The magazine of the Case Alumni Association
at the Case School of Engineering

Technology for humanity

With a pandemic pivot, a Case engineer immersed herself in “the latest and greatest tech” — the kind that helps people.

—By Carmen Fontana ’00, MS ’05

As a girl tinkering with our family’s Commodore 128, I became fascinated with how lines of code can transform into a mechanism for personal communication and entertainment. These were the early days of personal computing, which required outsized amounts of patience and positivity to deal with clunky interfaces and constant crashes. Yet I was excited about what could be.

For my senior project at Case, I developed a computer model of the Aral Sea region in the former Soviet Union. Plagued by bad environmental and government decisions, the area was in ecological peril. These were the early days of machine learning and my partner and I spent hours tweaking our algorithms. By today’s standards, they would be considered hopelessly rudimentary, but I could see the potential of what we were doing. We were trying to make sense of a complicated world through technology.

Post graduation, and for the next two decades, I tinkered in a variety of industries and roles. Some were tech, some not. Some were inherently satisfying, some not. Then came the pandemic. Like many, I had an existential moment (really lots of existential moments!) Where did I want to go with my career? What was my purpose?

Thus, I became another member of the “great resignation.” It was time to rediscover the joy of immersing myself in the latest and greatest tech. And it was time to do something that made a difference.

Today, I’m vice president of operations at Augment Therapy, a Cleveland startup that lets me practice technology with heart.

At Augment Therapy, we gamify the experience of physical therapy via augmented reality. Think Pok mon meets evidence-based exercise. Patients – often children – interact with virtual environments and games, instead of tedious traditional therapy exercises. By making therapy fun, we encourage our young patients to follow their medical plan, which we know can improve their health.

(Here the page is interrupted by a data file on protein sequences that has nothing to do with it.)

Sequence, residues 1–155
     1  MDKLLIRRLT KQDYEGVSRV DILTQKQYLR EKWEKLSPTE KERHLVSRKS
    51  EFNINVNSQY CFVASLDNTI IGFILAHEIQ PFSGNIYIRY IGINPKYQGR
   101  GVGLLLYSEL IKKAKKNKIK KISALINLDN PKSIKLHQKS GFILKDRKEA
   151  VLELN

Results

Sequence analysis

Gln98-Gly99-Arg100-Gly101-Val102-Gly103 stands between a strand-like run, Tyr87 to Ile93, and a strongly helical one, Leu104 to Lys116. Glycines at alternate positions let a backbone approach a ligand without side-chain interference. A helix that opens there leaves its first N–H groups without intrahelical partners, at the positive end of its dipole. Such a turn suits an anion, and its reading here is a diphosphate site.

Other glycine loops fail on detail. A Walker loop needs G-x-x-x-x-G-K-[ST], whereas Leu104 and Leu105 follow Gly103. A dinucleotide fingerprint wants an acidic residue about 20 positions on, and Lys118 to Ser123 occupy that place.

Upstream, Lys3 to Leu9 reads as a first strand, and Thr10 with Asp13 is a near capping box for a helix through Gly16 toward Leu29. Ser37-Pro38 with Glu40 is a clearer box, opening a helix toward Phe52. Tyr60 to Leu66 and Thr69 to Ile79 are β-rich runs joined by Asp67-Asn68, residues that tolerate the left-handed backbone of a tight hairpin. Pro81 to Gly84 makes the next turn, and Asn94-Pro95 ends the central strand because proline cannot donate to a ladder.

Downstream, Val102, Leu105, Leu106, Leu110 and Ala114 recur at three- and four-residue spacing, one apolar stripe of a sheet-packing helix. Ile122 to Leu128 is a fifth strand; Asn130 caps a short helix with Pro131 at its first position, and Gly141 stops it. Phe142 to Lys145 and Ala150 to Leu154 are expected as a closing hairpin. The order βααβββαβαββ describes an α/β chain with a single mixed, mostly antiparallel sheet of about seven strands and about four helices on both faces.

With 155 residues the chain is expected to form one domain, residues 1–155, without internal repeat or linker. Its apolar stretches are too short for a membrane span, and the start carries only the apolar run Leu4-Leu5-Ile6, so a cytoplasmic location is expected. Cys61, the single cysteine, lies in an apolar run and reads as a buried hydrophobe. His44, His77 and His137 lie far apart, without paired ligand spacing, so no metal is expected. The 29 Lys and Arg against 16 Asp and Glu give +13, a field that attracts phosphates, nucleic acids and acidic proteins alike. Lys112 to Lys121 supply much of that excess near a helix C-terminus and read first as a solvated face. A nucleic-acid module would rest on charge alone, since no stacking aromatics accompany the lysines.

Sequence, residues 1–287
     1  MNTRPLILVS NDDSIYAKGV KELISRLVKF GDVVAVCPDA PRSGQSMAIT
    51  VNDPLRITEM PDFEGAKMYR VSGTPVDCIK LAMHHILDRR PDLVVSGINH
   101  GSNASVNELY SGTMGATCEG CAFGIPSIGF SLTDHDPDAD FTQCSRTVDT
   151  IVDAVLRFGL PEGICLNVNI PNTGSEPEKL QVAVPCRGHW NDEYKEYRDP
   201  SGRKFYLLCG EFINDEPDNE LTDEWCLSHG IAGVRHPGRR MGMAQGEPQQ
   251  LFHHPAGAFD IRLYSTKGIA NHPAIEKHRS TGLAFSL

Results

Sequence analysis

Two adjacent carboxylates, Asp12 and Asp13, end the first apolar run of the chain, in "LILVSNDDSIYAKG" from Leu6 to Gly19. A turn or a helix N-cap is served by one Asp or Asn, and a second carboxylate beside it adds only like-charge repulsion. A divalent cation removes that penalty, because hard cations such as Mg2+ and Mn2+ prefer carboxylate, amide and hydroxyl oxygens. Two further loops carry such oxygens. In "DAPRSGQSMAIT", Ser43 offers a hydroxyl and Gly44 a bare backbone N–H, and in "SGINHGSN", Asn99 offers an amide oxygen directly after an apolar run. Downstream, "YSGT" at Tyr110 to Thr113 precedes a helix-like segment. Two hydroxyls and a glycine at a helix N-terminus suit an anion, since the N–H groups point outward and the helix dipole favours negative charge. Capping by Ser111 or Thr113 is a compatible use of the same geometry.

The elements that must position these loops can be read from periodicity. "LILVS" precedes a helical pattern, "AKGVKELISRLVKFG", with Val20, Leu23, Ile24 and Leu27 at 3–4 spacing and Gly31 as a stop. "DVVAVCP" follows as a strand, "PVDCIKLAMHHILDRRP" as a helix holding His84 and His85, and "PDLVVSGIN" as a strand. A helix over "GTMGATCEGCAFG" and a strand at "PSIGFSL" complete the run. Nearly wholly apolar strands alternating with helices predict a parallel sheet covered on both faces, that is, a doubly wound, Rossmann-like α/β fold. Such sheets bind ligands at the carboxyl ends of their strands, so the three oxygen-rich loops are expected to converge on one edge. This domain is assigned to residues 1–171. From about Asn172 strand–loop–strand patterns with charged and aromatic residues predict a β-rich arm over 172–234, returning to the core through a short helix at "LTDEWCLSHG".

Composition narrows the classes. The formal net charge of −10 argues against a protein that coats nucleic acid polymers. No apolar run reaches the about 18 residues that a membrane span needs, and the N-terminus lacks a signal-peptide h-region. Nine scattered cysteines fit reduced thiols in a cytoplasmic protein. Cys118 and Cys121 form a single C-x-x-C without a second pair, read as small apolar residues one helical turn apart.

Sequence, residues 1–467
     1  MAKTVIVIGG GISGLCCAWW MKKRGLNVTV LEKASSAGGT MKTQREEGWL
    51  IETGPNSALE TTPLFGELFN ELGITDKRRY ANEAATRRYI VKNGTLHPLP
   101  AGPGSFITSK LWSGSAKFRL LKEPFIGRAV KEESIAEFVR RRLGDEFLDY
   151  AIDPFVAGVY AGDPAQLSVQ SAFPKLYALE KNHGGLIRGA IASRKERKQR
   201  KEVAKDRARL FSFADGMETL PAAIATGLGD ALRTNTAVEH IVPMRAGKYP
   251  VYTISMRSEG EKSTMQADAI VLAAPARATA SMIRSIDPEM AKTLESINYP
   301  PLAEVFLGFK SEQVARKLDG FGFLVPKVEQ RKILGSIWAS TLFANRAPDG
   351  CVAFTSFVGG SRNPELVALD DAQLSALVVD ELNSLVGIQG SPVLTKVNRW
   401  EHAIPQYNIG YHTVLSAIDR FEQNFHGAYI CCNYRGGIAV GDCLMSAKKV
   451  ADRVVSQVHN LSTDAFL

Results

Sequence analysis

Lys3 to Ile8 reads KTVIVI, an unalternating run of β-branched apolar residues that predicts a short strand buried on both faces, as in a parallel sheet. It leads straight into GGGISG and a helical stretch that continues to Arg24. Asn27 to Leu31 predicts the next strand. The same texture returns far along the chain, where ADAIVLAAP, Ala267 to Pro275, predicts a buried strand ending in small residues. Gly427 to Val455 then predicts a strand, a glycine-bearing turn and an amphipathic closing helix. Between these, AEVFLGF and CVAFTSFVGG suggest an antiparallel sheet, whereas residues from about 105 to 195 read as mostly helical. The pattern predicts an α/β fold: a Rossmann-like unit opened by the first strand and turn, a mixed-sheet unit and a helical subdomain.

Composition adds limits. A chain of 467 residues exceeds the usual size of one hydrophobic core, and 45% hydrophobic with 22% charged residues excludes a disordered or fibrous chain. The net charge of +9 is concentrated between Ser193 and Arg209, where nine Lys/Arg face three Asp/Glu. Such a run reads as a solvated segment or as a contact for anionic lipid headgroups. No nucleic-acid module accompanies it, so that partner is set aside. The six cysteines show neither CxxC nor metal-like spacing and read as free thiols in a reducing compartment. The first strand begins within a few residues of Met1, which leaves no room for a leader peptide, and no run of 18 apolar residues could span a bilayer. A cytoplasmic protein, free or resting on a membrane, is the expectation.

What I love about our technology is that it pushes what is possible. Environments and avatars are built using the world’s leading 3D modeling engine. And we use the latest in visual artificial intelligence to capture and respond to movements in joints throughout the body.

Our niche is serving those with complex medical needs, such as Cerebral Palsy, Down’s Syndrome, Sickle Cell Anemia, and cancer. Our users may be wheelchair-bound, missing a limb, or have a very limited range of motion. We design complex technology to work for them. That includes designing avatars with hair loss, or that use walkers. Or adapting gameplay to accommodate kids with a low range of motion or cognitive delays.

These are not easy tasks. And, of course, there are the business challenges a startup faces. We’re balancing the competing demands of finding market fit and growing a company while managing a limited cash flow.

Healthcare startups have an additional set of challenges. We benefit from the growing interest in digital health and new care delivery models. But hospital budgets are constrained. Staffing levels are low and clinicians are stressed. Our goal is to be a benefit, not a burden, to the caregivers and patients who have been through so much.

At the end of the day, it is all worth it. Today I watched some film from our installation on the oncology floor at Rainbow Babies and Children’s Hospital, where our software is used to help stem cell transplant patients. These are very sick kids who have become physically deconditioned because of their extended hospital stays. They are also vulnerable to infection, and unable to run around the playground like other kids their age.

What did I see? These kids were smiling. They were doing their therapy. We are making a difference. It has been years since my Commodore and CWRU days, but I still get excited to see how new technologies can help bring us together to solve new problems — and create positive change.

Carmen, an engineer, is Vice President of Operations at Augment Therapy.

Augment Therapy uses technology to make critical therapy more engaging for young patients.

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